Some of the most influential events in America's troubled history of racial and ethnic conflict have occurred in the arena of professional sports. The grand national tribute recently paid to Jackie Robinson's legacy underscores the fact that his stride across Major League Baseball's color line had significant political and social ramifications. To some degree, the extent of the national progress toward equality and racial harmony can be measured through the lens of pro sports. For example, the prevalence of black athletes in football, baseball and basketball--as well as the paucity of black coaches and executives in these sports--reflects an enduring barrier that blocks minorities from securing positions of power in many facets of American society.
Sports have also provided a disturbing insight into the nature of the stereotypes and ethnic slurs that are often unarticulated in polite conversation. The comments of the late sportscaster Jimmy the Greek, expressing a bizarre attempt to link the institution of slavery to the prowess and accomplishments of African-American athletes, provide one of the more infamous examples of this phenomenon. Several months ago, this trend continued as New Jersey Nets coach John Calipari was fined by the NBA for referring to a reporter as a "Mexican idiot."
The most recent demonstration of racial insensitivity in the sports world occurred in the field of golf. Since the PGA tour remains such a lily-white enclave, perhaps it was only a matter of time before someone associated with the game made an asinine remark about the sport's new phenom, Tiger Woods. Last week, Woods won the PGA's Masters Tournament, setting records for being the youngest Masters winner in history, as well as winning with an 18-under-par score and a 12-stroke lead. However, Woods' unofficial record is being labeled the first black golfer to win a major tournament.
As Woods was closing in on his astounding victory, longtime golf pro and former Masters champion Fuzzy Zoeller referred to Woods as "that little boy" and said that he should not serve fried chicken or collard greens when he selects the menu for next year's Champions Dinner. These comments were part of an interview with CNN's "Pro Golf Weekly."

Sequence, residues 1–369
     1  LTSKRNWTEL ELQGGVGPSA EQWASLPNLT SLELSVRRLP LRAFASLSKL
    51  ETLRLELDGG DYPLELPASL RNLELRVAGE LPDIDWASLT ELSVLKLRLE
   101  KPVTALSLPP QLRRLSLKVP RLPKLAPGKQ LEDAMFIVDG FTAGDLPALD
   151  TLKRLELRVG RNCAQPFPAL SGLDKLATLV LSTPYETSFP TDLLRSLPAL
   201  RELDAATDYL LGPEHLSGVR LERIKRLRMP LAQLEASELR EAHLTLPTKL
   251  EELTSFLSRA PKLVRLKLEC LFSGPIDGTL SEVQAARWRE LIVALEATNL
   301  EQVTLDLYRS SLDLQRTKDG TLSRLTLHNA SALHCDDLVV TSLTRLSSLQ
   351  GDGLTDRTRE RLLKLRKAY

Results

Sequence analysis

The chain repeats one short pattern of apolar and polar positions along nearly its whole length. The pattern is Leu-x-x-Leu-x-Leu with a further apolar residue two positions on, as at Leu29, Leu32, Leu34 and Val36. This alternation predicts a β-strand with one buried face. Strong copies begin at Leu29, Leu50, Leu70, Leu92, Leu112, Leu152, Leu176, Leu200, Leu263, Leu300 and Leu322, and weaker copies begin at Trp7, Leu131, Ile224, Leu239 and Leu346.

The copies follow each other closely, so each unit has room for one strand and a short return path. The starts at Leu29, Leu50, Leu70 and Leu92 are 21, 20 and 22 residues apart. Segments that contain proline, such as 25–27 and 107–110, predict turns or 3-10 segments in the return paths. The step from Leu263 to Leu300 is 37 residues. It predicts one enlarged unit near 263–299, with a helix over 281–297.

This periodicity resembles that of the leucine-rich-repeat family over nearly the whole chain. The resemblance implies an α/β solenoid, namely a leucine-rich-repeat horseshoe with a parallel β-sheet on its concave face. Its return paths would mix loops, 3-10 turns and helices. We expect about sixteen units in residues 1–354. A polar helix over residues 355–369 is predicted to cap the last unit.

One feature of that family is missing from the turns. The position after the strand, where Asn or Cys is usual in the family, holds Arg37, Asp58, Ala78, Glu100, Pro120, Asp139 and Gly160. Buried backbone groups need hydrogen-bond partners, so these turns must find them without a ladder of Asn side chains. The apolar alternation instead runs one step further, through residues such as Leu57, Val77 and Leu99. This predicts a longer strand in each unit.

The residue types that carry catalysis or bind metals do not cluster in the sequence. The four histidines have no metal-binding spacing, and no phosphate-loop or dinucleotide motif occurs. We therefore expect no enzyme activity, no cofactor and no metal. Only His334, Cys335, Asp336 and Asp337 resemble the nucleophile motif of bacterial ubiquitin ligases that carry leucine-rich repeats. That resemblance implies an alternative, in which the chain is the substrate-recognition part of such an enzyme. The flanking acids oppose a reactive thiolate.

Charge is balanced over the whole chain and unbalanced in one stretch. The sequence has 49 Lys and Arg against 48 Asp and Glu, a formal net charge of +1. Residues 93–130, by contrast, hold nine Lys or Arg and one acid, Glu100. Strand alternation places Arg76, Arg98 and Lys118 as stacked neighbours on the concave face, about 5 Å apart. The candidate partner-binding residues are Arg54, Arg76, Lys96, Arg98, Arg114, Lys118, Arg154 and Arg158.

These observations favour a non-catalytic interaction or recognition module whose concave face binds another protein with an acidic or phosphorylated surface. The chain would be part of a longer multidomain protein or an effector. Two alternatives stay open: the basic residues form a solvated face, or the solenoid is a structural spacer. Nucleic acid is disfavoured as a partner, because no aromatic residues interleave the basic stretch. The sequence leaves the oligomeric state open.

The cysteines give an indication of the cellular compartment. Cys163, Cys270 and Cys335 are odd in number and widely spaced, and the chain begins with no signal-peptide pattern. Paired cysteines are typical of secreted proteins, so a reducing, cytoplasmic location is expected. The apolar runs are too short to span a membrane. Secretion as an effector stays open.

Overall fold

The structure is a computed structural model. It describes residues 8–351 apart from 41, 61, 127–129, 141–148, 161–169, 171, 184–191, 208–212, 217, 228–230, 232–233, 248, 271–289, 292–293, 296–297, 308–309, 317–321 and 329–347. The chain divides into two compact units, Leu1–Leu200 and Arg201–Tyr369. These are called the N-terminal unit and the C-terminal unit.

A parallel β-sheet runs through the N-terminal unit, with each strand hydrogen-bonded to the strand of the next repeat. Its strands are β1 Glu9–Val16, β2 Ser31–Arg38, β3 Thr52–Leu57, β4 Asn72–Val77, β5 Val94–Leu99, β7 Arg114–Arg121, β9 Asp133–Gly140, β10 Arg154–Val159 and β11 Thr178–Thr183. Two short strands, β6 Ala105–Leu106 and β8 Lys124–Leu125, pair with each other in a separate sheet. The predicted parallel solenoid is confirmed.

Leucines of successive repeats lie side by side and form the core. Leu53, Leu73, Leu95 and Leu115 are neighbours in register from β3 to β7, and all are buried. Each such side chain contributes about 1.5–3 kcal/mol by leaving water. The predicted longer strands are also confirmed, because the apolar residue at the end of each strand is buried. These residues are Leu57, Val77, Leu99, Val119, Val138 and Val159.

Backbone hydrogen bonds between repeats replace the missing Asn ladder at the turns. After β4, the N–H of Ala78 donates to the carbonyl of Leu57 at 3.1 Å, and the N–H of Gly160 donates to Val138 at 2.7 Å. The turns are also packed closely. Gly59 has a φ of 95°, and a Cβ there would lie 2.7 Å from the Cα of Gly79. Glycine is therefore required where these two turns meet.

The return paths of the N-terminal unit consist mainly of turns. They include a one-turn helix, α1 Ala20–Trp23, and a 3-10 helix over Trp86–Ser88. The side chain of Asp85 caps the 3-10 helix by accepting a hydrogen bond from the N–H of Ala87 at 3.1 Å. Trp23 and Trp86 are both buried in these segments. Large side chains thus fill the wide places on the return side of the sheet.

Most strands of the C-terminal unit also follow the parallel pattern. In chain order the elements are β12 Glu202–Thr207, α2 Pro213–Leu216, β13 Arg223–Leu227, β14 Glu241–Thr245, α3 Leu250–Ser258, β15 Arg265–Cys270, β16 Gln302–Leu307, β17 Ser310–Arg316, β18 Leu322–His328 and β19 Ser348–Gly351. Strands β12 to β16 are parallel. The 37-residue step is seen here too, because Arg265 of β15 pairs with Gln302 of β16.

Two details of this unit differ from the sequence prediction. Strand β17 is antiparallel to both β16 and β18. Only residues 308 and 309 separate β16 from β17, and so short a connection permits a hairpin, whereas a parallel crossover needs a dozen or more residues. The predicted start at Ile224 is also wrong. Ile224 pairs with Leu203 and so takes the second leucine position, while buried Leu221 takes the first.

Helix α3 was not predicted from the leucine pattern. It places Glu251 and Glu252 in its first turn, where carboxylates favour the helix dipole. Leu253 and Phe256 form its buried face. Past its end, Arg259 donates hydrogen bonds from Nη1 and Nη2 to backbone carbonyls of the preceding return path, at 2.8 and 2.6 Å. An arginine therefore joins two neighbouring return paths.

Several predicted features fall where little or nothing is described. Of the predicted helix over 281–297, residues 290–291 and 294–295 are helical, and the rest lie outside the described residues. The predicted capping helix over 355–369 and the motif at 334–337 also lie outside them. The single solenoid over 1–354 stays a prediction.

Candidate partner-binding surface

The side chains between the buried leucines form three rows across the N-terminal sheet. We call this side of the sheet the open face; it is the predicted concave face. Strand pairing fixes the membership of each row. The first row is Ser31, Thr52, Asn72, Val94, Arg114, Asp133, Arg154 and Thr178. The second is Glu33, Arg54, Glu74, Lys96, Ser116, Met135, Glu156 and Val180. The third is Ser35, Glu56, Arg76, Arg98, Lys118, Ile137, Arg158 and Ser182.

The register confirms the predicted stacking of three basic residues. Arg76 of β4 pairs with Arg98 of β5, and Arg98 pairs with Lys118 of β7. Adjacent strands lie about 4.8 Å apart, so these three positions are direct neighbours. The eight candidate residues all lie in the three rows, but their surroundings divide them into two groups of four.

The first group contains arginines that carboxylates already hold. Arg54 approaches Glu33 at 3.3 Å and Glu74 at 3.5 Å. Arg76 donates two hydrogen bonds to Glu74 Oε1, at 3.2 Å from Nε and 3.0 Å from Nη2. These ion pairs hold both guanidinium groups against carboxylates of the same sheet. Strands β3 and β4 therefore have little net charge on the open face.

Zoeller has since released a half-hearted apology, claiming that his "comments were not intended to be racially derogatory" and expressing his regret that "they were misconstrued in this fashion." He also said: "It's too bad that something I said in jest was turned into something it's not, but I didn't mean anything by it."
Zoeller's remarks not only reflect bad taste and poor judgment, but also illustrate how some people's conception of humor is a flippant reference to a crude stereotype. It is even more discouraging to note that Zoeller does not seem to understand that he did not merely make a bad joke, but that what he said was racist. Zoeller has not demonstrated any true remorse for his statements or even expressed an understanding of why he should not have attempted to make a wisecrack about fried chicken. His "apology" could have easily been prompted by his publicist or PGA executives, who wanted merely to stem a public relations fiasco.
What makes this issue even more complex is that Tiger Woods is constantly identified in the press as an African-American, although he is uncomfortable with this racial classification. On yesterday's "Oprah Winfrey Show," Woods said that it bothers him when people call him an African-American because his background also includes white, Asian and Native American heritage; he is actually only one-fourth black.
Woods' melting pot lineage is just a precursor to a entire generation of interracial Americans. So far, both whites and blacks have often expected those of mixed heritage to follow the one-drop rule and to classify themselves as black if they have any fraction of African-American blood. Woods' rejection of the one-drop rule is indicative of new attitudes among interracial Americans. Hopefully, interracial people such as Tiger Woods will also help to demonstrate just how ridiculous racial stereotypes are.
David W. Brown's column appears on alternate Wednesdays.